“The pace of change and our inability to predict the future in even a short time frame” are massive influences on the future of work, said Williams. He added that change will continue — and likely accelerate — so “we need to go with it”.  

Technology can help bridge some of this gap, but future engineers need to think of it as an enabler instead of a replacement, said Furey.

“It’s really important to remember that technology is just a pathway, and it’s an enabler — it’s not the solution. Rather than think ‘AI will do this or that’, we need to think through what’s the problem I’m trying to solve and how could this help me solve that problem,” she said.

Technology is already so pervasive, Sukkar said, that every engineering role will come to require some skills working with data and digital systems. However, he feels technology should be used to augment human capability, rather than replace it.

“I think we’ll see a future where people are supported by machines to be able to be more productive and more functional,” he said.

He emphasised that while being familiar with digital technologies like data analytics, autonomous systems and artificial intelligence is good, these systems will make the human side of engineering more important.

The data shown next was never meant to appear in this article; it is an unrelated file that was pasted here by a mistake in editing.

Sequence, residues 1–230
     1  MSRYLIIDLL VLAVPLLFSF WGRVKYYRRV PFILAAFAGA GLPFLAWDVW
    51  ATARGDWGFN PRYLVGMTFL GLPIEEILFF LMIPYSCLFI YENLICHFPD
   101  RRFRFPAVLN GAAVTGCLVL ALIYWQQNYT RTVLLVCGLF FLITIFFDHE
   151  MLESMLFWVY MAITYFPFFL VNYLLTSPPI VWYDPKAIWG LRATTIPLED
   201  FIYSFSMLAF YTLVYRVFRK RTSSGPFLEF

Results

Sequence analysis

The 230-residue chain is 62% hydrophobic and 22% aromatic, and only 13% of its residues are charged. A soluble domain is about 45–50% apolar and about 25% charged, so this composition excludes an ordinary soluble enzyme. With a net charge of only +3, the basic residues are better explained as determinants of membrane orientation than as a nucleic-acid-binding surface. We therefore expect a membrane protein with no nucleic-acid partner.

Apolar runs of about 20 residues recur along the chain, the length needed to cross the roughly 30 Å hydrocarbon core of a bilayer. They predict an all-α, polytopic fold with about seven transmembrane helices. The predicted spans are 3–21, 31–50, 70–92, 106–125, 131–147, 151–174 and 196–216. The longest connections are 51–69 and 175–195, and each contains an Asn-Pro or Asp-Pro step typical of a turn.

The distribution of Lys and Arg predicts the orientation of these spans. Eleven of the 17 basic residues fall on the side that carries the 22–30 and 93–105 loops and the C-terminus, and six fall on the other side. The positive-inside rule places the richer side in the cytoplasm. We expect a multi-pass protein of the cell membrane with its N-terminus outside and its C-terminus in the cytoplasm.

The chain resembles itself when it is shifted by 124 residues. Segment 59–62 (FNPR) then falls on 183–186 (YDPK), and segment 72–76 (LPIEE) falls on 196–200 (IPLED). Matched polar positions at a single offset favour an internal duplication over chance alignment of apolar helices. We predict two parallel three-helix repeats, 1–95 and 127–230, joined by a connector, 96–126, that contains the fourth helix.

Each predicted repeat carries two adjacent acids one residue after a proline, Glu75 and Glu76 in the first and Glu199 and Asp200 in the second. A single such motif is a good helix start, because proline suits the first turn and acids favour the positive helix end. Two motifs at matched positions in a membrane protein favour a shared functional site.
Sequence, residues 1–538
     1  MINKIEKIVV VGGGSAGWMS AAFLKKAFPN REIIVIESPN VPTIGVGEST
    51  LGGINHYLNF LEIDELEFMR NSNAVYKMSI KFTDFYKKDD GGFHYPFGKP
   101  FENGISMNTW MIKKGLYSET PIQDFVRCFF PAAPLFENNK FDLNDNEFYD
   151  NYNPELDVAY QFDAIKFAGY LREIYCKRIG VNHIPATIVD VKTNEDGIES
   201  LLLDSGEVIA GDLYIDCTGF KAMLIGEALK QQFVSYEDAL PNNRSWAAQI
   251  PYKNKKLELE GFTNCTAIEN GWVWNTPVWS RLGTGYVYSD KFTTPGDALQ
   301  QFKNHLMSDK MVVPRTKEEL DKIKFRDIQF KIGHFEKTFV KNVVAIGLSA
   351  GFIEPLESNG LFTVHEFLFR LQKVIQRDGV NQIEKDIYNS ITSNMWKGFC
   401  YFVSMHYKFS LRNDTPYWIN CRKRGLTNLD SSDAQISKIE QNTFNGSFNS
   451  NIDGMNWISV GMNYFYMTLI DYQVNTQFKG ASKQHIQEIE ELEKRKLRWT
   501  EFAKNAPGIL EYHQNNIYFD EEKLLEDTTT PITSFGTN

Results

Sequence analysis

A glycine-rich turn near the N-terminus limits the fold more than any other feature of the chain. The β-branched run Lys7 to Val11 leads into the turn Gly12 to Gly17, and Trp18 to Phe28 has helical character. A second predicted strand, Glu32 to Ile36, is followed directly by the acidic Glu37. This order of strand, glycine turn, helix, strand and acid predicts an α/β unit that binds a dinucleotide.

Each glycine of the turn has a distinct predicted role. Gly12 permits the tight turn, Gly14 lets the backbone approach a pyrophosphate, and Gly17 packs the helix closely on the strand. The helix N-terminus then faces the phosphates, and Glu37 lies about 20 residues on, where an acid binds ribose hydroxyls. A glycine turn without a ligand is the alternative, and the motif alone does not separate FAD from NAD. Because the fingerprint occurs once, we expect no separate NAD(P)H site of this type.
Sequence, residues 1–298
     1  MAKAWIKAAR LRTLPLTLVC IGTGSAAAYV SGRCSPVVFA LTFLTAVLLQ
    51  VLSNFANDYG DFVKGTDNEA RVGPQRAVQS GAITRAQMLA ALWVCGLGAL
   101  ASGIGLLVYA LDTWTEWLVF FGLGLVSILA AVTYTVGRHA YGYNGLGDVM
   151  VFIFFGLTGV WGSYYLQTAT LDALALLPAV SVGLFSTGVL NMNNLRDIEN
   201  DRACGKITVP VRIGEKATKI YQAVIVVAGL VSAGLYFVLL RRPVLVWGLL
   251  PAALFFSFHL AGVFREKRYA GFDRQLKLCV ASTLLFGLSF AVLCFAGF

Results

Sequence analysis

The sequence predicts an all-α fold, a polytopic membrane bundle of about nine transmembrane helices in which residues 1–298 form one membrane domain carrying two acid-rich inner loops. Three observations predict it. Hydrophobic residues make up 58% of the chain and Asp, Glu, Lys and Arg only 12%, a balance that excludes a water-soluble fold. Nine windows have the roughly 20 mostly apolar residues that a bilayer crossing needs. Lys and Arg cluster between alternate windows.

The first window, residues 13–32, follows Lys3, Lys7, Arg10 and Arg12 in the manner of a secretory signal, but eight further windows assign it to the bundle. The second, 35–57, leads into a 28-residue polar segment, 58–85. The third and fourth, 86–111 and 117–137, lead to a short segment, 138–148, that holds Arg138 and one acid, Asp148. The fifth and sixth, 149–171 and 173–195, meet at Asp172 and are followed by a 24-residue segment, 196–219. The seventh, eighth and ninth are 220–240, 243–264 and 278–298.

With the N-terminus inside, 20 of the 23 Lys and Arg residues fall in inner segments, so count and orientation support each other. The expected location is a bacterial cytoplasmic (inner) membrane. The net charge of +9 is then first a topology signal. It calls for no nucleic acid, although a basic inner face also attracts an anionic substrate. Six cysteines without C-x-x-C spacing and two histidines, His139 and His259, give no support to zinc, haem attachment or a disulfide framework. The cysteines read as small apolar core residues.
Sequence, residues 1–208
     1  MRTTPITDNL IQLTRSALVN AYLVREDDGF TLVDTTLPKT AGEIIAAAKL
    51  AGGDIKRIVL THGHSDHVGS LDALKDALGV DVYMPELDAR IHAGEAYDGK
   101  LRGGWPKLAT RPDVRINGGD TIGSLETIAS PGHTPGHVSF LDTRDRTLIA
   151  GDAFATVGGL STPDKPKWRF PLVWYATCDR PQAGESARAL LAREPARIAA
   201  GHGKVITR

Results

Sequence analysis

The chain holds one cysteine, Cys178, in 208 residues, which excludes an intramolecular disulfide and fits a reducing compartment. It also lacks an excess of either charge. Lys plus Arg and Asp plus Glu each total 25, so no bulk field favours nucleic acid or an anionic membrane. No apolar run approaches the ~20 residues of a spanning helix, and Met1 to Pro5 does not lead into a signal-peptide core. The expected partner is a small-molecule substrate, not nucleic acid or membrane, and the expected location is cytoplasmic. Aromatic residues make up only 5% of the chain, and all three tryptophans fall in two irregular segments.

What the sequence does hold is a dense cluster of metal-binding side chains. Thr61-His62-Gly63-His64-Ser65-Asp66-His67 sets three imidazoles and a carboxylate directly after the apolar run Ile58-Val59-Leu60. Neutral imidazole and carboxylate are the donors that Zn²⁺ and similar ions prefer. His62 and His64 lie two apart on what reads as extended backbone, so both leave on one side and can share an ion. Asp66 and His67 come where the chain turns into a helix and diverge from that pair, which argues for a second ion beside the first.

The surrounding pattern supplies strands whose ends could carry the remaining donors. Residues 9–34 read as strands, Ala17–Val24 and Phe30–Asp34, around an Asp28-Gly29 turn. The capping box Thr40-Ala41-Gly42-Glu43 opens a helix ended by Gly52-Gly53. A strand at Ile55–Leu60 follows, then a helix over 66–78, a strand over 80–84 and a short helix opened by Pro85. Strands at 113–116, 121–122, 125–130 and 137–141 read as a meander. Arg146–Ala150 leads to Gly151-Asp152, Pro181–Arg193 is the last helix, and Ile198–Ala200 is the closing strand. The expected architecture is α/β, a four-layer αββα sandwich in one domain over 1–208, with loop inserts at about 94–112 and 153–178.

“As we start having human-machine interfaces, as we start having autonomous and intelligent machines navigating their own way around society, human-centred design is going to be critically important to guide engineers on how to build ethical things,” Sukkar said.

Purpose is also becoming increasingly important within the engineering profession. Furey said she is surprised at how important issues like sustainability are to students she meets through her workshops.

Starting with ‘why’ is something Sukkar strongly believes in as well.

“As engineers, as an engineering community, whether we’re very early in the research stage and innovating in technology or whether we’re late-stage, actually building the integrated solutions or solving an applied problem, you have to start with why you are doing this,” Sukkar said. 

“If you can always start with ‘why’, I think that’s going to be critically important for engineers who want to see the fruits of their work have an impact.”